Accuracy of the Data

While we all worked hard to count young children in 2020, it is going to take a while to learn how many kids were counted and how many were missed. We know how many children were missed in the 2010 Census because we could use demographic data, the numbers of births and deaths, to check it. We can prepare demographic data for 2020 now, however, the census will only release data on young children counted in the census in late summer or fall 2021.

Once we have that data, we can tell how well the census did in counting young children. We will let you know.


Once we know how accurate the 2020 Census data is, we can start to examine whether there are ways to improve the data used in the funding allocations.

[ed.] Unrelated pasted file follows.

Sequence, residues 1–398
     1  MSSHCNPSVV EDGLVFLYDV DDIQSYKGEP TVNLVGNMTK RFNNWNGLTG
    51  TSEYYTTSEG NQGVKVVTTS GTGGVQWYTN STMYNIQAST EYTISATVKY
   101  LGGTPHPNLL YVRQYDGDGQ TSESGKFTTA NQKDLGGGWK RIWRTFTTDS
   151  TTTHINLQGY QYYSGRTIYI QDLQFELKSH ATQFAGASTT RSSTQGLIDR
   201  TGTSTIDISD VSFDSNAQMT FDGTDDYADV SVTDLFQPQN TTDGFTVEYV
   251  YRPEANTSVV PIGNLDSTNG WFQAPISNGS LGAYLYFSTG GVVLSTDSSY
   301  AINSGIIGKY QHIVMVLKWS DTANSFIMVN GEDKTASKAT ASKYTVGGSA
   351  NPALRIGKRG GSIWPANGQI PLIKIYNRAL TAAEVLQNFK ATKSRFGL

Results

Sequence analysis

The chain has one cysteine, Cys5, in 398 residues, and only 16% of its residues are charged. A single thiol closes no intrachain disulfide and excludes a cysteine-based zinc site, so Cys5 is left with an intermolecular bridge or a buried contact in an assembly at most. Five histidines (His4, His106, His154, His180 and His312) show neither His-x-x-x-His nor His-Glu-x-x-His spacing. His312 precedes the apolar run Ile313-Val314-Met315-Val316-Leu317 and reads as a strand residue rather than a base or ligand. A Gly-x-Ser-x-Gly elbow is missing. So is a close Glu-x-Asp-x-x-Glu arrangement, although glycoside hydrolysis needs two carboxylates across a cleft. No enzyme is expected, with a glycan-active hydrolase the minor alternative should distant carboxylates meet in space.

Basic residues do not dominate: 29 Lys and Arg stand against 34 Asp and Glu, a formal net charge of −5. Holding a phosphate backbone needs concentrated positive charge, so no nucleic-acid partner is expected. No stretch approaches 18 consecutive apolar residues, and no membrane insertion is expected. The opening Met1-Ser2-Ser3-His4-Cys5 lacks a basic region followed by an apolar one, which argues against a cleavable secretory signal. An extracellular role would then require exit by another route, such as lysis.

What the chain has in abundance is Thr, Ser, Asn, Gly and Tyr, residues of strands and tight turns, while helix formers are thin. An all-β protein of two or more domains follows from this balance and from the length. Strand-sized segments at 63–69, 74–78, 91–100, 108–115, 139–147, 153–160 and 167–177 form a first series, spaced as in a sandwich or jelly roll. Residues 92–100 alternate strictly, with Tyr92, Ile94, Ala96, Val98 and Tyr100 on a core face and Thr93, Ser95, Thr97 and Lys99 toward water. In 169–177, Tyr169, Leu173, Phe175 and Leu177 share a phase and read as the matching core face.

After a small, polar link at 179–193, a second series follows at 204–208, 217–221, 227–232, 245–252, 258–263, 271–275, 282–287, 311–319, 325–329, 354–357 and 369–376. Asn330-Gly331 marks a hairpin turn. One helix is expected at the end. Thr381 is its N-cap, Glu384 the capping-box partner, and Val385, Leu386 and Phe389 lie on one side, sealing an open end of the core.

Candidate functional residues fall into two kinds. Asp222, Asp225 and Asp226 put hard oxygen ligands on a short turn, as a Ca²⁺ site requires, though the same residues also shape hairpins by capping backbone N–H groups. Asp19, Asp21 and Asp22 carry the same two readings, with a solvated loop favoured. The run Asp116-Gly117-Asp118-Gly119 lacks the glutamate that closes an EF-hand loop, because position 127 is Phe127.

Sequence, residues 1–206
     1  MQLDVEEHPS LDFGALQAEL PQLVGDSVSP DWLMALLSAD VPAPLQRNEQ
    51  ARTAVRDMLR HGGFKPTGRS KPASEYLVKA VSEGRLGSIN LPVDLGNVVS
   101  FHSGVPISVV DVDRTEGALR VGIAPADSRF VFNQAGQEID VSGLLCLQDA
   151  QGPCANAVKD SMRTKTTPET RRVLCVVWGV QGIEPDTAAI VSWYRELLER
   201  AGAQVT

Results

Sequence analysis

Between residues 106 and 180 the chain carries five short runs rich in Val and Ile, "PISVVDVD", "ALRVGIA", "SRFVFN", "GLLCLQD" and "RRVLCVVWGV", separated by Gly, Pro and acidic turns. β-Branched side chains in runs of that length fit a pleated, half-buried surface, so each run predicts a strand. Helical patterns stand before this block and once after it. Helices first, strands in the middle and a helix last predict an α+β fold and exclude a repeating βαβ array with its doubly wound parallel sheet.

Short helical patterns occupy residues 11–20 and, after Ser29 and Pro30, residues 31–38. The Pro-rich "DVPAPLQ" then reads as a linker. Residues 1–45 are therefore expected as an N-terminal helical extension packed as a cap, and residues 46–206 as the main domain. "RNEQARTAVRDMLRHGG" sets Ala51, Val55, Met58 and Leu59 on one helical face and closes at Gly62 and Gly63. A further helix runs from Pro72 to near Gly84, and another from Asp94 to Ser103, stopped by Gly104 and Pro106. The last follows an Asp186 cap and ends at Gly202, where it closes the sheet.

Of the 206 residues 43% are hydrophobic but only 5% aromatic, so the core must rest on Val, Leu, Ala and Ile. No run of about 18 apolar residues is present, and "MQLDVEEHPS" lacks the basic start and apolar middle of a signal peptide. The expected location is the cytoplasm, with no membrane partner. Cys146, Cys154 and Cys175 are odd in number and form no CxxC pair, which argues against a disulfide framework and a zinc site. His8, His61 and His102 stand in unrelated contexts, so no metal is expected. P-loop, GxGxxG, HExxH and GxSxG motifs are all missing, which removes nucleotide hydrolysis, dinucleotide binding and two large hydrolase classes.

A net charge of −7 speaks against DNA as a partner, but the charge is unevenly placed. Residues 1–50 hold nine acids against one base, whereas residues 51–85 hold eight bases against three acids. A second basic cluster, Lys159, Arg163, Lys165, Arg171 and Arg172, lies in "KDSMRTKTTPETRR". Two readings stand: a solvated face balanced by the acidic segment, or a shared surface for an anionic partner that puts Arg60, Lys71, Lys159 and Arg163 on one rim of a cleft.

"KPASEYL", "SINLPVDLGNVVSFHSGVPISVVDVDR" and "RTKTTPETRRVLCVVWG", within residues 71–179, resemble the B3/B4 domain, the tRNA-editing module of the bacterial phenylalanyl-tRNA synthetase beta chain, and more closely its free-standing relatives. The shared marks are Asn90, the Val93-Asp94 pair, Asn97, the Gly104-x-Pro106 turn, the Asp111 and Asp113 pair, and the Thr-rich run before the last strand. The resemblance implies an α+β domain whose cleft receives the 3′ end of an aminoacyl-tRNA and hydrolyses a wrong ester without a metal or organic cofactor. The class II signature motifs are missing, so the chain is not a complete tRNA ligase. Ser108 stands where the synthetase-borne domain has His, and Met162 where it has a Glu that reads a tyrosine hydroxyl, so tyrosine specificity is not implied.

Keep in Touch

There is still more work to be done and the Count All Kids campaign will keep you updated on all developments.

Please keep the following deadlines in mind:

  • December 31 – The Census Bureau will provide the apportionment data (current timeline).
  • April 1, 2021 – The Census Bureau will provide redistricting data to every state. (the data is likely to be made available on a state by state basis before April 1.) This data (also known at the PL 94-171 file) will be the first data on children. But it will only include counts (by race) for the population age 0 to 17. It will not show data for children age 0 to 4 separately.
  • Summer or early Fall 2021 – Date to expect a Census Bureau analysis of the final count of young children.